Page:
METHOD: Purposive sampling of chiropractic clinics and convenience sampling of patients attending these primary contact practitioners were undertaken. Patients were asked to complete a questionnaire. Interested patients were given a health information brochure on topics of their choice. Patients who had requested health information brochures were phoned at 3 weeks, 3 months, and 1 year after completing the initial questionnaire and asked if they had implemented any of the suggestions for health promotion or risk prevention. A minimum of 4 attempts were made to contact each participant by telephone. Data were analyzed using descriptive statistics.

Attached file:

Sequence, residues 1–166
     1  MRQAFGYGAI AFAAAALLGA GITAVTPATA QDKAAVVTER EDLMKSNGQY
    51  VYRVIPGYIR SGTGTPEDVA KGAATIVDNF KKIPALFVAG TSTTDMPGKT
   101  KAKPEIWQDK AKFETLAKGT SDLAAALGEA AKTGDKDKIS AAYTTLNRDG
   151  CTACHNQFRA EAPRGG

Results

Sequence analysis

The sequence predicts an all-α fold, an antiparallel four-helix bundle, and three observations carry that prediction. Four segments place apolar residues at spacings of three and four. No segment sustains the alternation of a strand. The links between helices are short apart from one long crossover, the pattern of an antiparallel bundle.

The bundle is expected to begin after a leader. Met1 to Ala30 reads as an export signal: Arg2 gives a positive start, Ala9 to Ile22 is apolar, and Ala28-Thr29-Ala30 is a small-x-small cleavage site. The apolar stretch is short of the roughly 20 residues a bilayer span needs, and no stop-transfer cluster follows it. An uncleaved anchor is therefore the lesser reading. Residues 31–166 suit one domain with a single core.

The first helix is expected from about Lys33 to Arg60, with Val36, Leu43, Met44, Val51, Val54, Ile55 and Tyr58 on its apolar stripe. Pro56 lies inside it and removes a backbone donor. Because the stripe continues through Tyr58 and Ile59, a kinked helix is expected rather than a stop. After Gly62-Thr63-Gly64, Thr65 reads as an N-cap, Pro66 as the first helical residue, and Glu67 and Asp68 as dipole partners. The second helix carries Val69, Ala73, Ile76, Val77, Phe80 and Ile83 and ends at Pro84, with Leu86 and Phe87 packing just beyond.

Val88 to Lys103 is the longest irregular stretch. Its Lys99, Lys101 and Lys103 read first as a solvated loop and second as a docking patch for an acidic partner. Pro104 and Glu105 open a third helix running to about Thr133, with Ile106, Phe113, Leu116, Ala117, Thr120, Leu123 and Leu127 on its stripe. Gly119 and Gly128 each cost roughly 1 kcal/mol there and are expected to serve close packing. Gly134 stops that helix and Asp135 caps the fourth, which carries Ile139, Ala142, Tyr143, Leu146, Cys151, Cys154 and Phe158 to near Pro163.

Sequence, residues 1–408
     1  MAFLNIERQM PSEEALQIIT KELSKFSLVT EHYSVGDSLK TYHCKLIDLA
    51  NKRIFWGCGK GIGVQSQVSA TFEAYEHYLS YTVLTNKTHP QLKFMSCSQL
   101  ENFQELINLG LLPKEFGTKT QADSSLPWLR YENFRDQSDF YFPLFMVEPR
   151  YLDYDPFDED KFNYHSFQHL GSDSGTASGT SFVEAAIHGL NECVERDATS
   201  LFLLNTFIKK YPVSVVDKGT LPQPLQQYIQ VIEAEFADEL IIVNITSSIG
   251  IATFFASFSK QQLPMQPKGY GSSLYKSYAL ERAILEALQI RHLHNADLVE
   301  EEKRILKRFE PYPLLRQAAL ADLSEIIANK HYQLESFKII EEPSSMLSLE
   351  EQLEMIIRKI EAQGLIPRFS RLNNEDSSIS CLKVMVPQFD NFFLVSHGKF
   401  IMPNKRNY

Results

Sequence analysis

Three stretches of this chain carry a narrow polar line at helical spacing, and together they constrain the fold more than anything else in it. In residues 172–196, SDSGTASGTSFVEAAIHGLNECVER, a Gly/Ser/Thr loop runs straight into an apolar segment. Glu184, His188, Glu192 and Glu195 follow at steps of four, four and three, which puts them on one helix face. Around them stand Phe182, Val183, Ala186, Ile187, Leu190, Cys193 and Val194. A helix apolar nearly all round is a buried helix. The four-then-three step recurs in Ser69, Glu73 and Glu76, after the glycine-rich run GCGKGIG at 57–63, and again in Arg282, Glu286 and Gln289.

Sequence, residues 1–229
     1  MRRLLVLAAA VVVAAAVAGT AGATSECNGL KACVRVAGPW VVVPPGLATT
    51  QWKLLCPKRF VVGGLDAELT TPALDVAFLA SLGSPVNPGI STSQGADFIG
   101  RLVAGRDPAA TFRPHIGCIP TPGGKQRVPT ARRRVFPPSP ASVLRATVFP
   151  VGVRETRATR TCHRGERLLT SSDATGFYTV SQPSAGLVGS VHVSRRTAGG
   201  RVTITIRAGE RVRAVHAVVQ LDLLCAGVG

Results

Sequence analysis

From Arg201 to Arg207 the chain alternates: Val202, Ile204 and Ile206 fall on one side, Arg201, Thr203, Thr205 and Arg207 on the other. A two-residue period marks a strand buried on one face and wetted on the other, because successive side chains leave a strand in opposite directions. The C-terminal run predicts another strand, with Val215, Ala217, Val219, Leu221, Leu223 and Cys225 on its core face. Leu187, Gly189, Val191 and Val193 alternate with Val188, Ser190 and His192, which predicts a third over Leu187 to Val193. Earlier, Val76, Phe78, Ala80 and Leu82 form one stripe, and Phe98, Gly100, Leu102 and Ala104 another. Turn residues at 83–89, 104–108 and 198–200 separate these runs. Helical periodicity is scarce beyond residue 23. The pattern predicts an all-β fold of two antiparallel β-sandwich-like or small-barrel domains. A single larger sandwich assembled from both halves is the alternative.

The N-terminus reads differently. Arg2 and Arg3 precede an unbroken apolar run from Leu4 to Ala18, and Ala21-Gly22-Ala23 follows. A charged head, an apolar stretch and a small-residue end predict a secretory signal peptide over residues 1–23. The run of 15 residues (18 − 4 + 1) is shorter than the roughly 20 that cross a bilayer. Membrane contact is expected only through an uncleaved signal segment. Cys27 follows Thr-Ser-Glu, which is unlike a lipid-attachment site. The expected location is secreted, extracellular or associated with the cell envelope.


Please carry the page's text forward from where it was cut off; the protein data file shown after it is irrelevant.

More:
RESULTS: Twenty-one chiropractic clinics and 781 patients participated. Although every third patient requested one or more health information brochures, fewer than 1 in 4 of those receiving brochures implemented some health-promoting behavior. Although some patients persisted with their newly initiated health-promoting behaviors, compliance diminished over time. Exercise and dietary change were the behaviors most likely to be modified.
CONCLUSION: Implementation of even one healthy behavior can have a ubiquitous health benefit. Despite dwindling compliance, it is therefore suggested that suitably formulated health information brochures that inform and encourage adoption of healthy behaviors by motivated patients deserve consideration by all health professionals working at the consumer-health care system interface.
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